His subsequent ability to do so means that he is now ranked among the finest painters at work anywhere in the world. The multi-million-pound prices Freud's work can fetch at auction today reflect his ever-rising reputation. He is still best-known for his images of women, and he has never been afraid to reveal sagging flesh, blotches, birthmarks and all the other blemishes that distinguish real female bodies from their idealised, airbrushed and invariably titillating counterparts in pin-up imagery.

Although his pictures of women are invariably described by some commentators as "ugly", Freud himself certainly finds them anything but. In addition to his two marriages, he has had well-documented relationships with some of his models, not to mention acknowledged children, whose portraits he has painted and exhibited. For example, there is his Reflection with Two Children (Self-Portrait) 1965, that depicts him with his daughter and son, Rose and Ali Boyt.

It is true that his women's bodies can match the ungainliness of the worn-out, bursting furniture where they rest their weight. But it is too often forgotten that, in Freud's later work at least, men are treated with an equal amount of directness. In one arresting canvas, a male nude lies on a bed with his hand over his eyes. A black sock, trailing from the tip of his foot, echoes the curve of his rawly exposed penis. There is a keen and amused awareness, here, of how absurd a man's body can look when caught off-guard and unable to muster any conventional dignity.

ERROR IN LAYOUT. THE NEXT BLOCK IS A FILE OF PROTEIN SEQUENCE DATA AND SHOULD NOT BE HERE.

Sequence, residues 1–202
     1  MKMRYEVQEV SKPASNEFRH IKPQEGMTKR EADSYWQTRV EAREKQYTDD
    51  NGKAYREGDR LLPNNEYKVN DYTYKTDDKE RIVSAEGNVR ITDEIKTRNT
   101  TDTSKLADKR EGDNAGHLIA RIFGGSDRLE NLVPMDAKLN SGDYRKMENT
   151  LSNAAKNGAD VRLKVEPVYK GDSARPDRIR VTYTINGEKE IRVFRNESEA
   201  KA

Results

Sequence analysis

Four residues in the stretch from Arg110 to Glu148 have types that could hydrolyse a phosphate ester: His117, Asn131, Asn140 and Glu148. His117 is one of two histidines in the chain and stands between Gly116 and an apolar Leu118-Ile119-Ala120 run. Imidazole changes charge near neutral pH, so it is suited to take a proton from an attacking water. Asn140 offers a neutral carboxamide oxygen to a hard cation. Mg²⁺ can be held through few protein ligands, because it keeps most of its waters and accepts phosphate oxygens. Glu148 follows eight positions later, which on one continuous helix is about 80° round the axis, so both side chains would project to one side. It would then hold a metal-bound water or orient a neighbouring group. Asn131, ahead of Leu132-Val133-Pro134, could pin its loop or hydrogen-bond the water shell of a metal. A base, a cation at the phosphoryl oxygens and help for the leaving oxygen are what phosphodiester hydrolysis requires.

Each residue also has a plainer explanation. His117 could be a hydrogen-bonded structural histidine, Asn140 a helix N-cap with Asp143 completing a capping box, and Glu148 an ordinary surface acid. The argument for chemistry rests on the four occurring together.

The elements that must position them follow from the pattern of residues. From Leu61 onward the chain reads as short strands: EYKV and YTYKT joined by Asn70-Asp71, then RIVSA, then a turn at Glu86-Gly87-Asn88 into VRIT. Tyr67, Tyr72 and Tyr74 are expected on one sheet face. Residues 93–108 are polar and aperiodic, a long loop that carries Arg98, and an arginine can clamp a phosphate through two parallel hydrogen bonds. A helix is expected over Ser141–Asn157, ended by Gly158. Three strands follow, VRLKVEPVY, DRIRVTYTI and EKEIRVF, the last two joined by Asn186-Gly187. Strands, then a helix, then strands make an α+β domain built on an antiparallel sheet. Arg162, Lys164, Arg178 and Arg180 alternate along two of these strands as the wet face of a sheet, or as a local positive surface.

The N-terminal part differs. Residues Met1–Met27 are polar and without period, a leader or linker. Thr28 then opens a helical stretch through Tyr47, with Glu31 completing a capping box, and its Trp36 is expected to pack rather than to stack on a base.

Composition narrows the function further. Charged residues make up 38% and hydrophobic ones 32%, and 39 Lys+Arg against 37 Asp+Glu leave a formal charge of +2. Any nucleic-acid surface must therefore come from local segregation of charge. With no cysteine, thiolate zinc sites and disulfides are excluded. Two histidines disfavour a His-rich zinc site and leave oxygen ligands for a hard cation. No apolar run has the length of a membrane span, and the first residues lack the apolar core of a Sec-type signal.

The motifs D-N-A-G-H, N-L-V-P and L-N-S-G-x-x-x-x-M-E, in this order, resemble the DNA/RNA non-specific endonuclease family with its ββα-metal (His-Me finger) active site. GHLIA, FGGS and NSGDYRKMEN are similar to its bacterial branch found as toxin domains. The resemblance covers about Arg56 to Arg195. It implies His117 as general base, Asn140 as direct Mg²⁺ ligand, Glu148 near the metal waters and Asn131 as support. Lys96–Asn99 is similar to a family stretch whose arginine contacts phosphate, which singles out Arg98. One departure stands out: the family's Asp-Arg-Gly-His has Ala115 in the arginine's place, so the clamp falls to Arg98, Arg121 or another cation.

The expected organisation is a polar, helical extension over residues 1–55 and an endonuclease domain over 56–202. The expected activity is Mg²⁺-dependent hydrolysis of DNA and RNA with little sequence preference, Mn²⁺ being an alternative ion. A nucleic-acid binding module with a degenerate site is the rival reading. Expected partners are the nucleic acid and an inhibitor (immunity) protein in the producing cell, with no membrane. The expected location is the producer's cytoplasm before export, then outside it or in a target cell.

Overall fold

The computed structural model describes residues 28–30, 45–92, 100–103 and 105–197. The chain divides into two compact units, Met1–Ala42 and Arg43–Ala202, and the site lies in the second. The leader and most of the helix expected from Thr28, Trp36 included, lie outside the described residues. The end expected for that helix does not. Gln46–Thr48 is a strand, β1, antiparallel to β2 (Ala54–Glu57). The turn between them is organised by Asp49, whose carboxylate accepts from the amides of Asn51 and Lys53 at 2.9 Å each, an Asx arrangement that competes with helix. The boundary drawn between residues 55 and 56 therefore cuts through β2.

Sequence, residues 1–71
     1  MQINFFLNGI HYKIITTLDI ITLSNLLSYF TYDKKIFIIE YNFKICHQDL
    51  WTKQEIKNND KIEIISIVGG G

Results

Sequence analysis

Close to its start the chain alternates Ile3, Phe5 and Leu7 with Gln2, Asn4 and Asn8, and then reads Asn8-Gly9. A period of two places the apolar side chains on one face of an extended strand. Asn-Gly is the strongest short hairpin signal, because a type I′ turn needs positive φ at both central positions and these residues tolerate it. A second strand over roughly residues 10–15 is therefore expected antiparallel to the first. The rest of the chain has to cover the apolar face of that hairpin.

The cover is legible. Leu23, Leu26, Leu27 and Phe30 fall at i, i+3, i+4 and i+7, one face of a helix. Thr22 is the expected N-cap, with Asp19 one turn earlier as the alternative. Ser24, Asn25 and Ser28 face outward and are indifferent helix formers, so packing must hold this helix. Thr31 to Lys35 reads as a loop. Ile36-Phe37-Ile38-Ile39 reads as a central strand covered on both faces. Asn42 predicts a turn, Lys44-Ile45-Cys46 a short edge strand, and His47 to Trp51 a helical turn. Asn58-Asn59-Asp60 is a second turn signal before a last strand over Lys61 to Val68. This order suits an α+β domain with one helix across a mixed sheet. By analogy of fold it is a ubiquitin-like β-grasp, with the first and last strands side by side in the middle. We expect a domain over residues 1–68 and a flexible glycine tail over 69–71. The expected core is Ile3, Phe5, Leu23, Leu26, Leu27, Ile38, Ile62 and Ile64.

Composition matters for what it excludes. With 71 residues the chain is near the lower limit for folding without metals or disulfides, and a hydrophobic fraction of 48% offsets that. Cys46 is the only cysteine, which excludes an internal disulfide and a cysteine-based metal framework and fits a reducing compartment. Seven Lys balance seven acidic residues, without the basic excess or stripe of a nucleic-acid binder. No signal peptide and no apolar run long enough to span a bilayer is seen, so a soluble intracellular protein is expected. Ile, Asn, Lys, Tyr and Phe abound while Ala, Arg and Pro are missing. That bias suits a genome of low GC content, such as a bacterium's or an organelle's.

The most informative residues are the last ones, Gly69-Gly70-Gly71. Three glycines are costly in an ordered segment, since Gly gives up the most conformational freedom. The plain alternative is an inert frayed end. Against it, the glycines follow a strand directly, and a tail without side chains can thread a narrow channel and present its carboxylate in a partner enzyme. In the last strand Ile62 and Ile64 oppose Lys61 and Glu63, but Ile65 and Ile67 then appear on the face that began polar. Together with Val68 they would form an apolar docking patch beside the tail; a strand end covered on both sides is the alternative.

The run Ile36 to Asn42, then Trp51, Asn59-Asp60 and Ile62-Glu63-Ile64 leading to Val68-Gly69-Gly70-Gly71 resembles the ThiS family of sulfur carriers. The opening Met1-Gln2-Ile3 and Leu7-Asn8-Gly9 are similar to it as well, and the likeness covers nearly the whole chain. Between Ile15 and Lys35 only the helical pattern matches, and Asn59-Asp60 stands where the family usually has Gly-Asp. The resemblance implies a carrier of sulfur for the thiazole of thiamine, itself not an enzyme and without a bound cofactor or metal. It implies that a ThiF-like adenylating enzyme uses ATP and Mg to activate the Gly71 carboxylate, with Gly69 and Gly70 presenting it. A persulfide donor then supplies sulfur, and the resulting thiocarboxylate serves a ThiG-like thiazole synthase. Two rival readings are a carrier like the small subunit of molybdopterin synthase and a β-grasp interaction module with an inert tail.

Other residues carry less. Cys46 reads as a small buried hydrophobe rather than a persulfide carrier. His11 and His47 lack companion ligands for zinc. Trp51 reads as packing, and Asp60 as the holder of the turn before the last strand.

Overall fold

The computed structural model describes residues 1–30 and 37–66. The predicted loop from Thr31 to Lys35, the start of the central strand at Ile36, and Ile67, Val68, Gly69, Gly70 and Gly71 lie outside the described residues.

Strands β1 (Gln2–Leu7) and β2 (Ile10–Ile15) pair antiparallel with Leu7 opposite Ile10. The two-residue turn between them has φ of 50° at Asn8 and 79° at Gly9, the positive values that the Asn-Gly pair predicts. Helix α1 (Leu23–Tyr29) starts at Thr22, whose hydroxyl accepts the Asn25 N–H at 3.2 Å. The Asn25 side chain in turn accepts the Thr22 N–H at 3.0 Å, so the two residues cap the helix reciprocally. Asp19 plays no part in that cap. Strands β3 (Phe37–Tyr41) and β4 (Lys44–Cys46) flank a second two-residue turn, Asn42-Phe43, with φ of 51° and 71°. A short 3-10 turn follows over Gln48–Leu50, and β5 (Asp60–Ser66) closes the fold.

But Freud's detractors persist in censuring him for portraying women in submissive poses, and supposedly reserving all the lordly stances for his male sitters. His riposte to these critics can be found in Painter and Model, where gender stereotypes are neatly reversed. This time, the woman is clothed, and presides with quiet, unforced authority over a naked man lying in a passive position on the sofa. His legs are parted, ensuring that the genitals proclaim his sex without false modesty or embarrassment. But the woman does not stare at his body. She looks down at her brush, as if deciding what her next move as a painter should be.

Freud himself acts with a similar sense of deliberation. The maturity of his late work is self-evident, and he gives every indication of continuing to pursue his vision with just as much incisive vigour for years to come. But he has no intention of slipping into predictable formulae. "I've always had a horror of method", he once declared. "I don't want to paint a picture by me: I always try to do things in new ways."

A Life in Brief

BORN 8 December 1922 to Lucie and Ernst Freud, an architect, in Berlin; grandson of the psychoanalyst Sigmund Freud.

FAMILY Moved to London in 1933, with his parents. Married Kathleen Garman, daughter of sculptor Jacob Epstein, in 1948 - marriage dissolved, 1957. Second marriage to Lady Caroline Maureen Blackwood, daughter of the Marquess of Dufferin and Ava - marriage dissolved 1957. He famously guards his privacy but has acknowledged several children by other women.

HIGHEST PRICED WORK Freud's painting of the naked, pregnant Kate Moss sold at a Christie's auction in February for £3.9m.